goes.

Chris and Kate
http://www.topazdeadgallery.ca


#3

Hi Brenda,

That is a monster piece of copper. A kiln would be better to heat
that piece up.

If you do have to use torches I would suggest that you surround the
sheet with fire bricks, and then heat your copper to dull red, or
even a cherry.

You can then let it cool, or as it’s copper you can dump it in
water, either way it will be annealed.

My teacher taught me a trick that was taught to him by someone here
:wink: about when to tell when a piece of metal was annealed, the flame
from your torch changes colour… and it works really well. In this
instance with such a large piece of copper it might be impractical,
but it’s a good technique worth sharing.

Regards Charles A.


#4

Do you have some extra to cut into a smaller piece. Much better minds
than mine will respond to this, but practice small first. Get some
Scrap copper, 2+ inches from a plumbing contractor. Scrounge the
metal, my point being practice and learn to watch how the metal
responds. By the way, that is a hefty piece of metal, don’t know what
is available for heat, but if needed and cost effective, rig up a
stand to position two plumbers torches for more heat. Be careful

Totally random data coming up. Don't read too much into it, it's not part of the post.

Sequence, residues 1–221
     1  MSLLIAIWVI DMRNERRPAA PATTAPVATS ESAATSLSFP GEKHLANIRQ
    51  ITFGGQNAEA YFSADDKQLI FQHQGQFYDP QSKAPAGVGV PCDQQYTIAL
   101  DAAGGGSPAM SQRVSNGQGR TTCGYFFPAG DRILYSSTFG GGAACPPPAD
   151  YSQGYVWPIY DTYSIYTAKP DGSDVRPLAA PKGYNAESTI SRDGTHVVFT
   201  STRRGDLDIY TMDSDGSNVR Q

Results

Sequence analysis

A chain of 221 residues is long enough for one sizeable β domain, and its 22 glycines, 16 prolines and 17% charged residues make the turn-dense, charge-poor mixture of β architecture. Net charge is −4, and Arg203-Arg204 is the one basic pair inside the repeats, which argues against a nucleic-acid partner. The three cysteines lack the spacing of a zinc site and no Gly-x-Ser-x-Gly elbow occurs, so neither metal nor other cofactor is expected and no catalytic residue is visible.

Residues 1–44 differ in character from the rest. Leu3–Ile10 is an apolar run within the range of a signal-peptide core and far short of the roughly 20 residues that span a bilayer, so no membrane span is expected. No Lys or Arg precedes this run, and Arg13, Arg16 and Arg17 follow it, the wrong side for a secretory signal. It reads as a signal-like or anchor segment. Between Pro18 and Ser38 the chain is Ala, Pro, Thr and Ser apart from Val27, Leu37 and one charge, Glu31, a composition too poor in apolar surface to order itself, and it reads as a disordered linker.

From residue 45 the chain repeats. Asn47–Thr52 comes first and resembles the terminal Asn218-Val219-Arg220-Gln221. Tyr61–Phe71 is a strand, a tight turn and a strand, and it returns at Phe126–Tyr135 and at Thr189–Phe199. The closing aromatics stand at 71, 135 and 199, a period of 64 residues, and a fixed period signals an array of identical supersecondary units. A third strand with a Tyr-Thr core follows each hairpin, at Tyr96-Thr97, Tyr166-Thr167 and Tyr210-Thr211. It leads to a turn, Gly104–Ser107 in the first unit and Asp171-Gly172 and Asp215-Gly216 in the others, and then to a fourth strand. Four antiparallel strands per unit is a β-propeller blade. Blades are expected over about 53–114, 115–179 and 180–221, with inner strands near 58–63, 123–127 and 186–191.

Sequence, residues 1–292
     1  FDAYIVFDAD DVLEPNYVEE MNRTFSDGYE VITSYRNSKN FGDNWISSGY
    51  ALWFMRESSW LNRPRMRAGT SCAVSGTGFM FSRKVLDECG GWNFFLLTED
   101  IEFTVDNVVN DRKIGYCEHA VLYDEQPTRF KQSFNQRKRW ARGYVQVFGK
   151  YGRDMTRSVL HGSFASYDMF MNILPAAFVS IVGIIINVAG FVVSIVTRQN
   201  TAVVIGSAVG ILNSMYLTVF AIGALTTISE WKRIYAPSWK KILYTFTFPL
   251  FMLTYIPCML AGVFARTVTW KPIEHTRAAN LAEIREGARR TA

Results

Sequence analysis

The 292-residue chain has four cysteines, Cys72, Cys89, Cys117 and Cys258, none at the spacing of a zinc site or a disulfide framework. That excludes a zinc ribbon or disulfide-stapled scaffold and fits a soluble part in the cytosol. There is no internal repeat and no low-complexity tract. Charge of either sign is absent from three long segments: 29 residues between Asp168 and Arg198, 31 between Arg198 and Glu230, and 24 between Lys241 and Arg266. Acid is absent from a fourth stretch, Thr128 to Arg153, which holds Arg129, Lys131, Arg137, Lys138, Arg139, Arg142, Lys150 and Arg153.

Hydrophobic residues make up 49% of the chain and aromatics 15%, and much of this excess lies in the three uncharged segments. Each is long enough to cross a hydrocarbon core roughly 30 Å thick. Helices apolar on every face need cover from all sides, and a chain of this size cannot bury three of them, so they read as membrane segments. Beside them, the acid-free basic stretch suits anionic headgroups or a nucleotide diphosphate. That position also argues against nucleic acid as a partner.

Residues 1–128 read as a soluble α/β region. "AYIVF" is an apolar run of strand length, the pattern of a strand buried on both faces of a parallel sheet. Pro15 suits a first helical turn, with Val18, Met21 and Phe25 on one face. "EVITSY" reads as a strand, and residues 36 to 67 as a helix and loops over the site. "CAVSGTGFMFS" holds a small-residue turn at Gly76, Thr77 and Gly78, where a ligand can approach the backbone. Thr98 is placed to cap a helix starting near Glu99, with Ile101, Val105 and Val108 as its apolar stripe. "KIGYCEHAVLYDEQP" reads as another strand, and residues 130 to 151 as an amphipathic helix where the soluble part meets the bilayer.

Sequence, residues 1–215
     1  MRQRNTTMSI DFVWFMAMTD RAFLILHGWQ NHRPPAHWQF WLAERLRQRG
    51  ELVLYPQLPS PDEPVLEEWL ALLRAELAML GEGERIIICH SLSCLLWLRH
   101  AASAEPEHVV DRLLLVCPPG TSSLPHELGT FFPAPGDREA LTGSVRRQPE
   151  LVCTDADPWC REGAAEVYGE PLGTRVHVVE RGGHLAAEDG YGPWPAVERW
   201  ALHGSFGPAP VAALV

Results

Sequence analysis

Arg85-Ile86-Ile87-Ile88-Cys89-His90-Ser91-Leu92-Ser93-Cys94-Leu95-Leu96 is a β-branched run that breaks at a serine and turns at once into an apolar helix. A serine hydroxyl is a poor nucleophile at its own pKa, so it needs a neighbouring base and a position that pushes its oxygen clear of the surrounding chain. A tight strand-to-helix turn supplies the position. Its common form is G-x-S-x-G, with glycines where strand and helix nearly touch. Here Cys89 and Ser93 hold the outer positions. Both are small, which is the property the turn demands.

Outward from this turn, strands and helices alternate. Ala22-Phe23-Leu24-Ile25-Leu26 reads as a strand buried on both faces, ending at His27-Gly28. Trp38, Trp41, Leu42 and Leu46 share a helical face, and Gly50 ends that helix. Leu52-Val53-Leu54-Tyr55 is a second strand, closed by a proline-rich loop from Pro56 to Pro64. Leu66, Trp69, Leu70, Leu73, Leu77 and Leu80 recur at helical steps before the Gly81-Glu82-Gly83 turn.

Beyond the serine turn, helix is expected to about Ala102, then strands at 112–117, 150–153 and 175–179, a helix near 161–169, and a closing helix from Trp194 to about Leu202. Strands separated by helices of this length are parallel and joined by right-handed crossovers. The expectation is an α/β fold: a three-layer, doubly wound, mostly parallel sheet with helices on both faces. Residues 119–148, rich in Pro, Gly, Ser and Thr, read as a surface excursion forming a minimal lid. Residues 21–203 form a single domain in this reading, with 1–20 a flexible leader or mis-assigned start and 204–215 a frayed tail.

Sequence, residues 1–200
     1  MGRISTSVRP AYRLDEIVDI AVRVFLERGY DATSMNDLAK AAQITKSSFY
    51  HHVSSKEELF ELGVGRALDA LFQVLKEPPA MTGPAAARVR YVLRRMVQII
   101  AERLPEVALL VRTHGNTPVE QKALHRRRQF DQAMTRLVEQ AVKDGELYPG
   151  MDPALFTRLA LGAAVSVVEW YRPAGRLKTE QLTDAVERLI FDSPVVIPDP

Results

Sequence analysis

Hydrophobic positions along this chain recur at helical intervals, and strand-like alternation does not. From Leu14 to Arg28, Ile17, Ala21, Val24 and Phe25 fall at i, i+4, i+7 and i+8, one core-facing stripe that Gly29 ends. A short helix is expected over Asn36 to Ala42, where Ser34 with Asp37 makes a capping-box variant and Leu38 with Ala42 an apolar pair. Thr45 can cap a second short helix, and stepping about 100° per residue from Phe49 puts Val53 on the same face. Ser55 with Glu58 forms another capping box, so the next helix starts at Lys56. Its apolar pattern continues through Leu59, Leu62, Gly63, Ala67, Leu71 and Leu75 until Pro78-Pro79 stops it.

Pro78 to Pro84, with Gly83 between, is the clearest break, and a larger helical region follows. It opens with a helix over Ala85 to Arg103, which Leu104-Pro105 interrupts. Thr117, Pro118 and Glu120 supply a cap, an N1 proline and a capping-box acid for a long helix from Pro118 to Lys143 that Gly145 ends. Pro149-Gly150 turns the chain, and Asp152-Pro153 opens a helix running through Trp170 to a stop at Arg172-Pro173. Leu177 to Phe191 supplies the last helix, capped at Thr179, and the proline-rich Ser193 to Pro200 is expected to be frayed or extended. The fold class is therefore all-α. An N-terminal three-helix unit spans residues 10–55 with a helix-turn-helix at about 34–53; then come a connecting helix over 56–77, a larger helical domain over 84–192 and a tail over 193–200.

though, this metal is know to capture a heart or two… it was my
first love. enjoy


#5
Can anyone give me some suggestions, please? I thought about
taking it to a friend who has a foundry or to a machine shop, but I
need and want to learn to do this myself, of course. 

I tend to think “old school”. For something that large, try using a
el cheapo BBQ grill and a hair dryer to excite the charcoal. That
should get you to annealing temps. A lot of the great metal art of
history was done on charcoal fire pots…

Ron Charlotte – Gainesville, FL


#6

Brenda, For a 10 x 10 inch sheet of 14 gauge copper you are going to
need a BIG torch (or two as you already tried) with as large a tip
as you can find to make the largest, and bushiest flame (i.e.:
reducing flame to minimize fire scale) that you can manage. You CAN
work the flame over the entire piece in increments, but you’ve got to
get it up to cherry red heat before it’s annealed. The whole piece
doesn’t have to get there at once, as I said, it can be incremental.